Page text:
Afterwards at 19:30 we are either set loose for free time or had the choice to do an optional activity like watching a movie or cartoon in German. Sometimes the activities are required, like when we had to find sticks and then roasted dough on them over the fire.
Curfew was always at 22 and the teamers would come around to check to make sure all the participants were in their rooms.
During my first week we had a trip to Leipzig on Saturday, where we went to a museum about Germany from WWII to reunification and were then set free to roam about. A lot of people got SIM cards for their phone, tried new German food or went shopping.
Sundays are always relaxed, since pretty much everything in the town is closed. You can take a bus or train to a neighbouring city to explore, visit the döner shop or have time to yourself. Many people slept in and enjoyed the coffee and cake (German tradition) that was always provided at 15. On Sundays I scrapbooked, journaled, wrote and used the wifi. Sunday is all about free time and relaxing after a hard week.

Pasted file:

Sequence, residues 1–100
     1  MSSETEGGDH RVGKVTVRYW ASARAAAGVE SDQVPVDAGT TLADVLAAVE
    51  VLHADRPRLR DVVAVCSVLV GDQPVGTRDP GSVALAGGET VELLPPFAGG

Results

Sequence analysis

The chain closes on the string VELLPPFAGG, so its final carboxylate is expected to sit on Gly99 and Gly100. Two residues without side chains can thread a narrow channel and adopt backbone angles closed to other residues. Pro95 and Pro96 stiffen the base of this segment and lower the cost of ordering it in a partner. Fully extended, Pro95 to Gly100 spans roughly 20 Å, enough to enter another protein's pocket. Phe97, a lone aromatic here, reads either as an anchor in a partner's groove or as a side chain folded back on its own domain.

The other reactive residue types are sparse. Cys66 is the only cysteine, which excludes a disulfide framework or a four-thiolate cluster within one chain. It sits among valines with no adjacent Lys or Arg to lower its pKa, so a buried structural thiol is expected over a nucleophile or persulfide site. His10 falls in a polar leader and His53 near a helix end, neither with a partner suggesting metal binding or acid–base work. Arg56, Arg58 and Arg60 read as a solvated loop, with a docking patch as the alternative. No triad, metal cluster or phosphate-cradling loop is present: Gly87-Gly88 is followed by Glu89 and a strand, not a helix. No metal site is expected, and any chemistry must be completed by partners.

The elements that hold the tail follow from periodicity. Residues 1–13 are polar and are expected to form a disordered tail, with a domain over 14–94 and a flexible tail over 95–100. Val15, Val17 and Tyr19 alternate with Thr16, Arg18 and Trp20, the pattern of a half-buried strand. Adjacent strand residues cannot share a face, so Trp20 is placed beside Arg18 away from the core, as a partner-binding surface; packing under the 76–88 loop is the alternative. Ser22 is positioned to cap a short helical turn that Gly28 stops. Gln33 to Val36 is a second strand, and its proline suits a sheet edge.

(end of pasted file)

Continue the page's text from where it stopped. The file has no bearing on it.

Week One Typical Schedule
9:00 - 12:00 German Class (15 minute break at 10:30)
13:00 Homework Time
14:00 - 18:00 Free Time, Activity or Presentations
19:30 Optional Activity or Free Time
Before you know it the first week of language camp will fly past you and you’ll already be 1/4 of the way through, with 21 days left until you meet your host family in-person! It goes by quick so enjoy all the new memories and friends you make. Most of my favorite memories from the first week of language camp were with my table group members, so just be yourself and find your crowd.
Also, a lot of people received their host families during the first week, so if you’re feeling worried or scared that you don’t have yours yet, hope is not lost. And a reminder, just contact me or comment if you have a question, I’ll be happy to answer them all!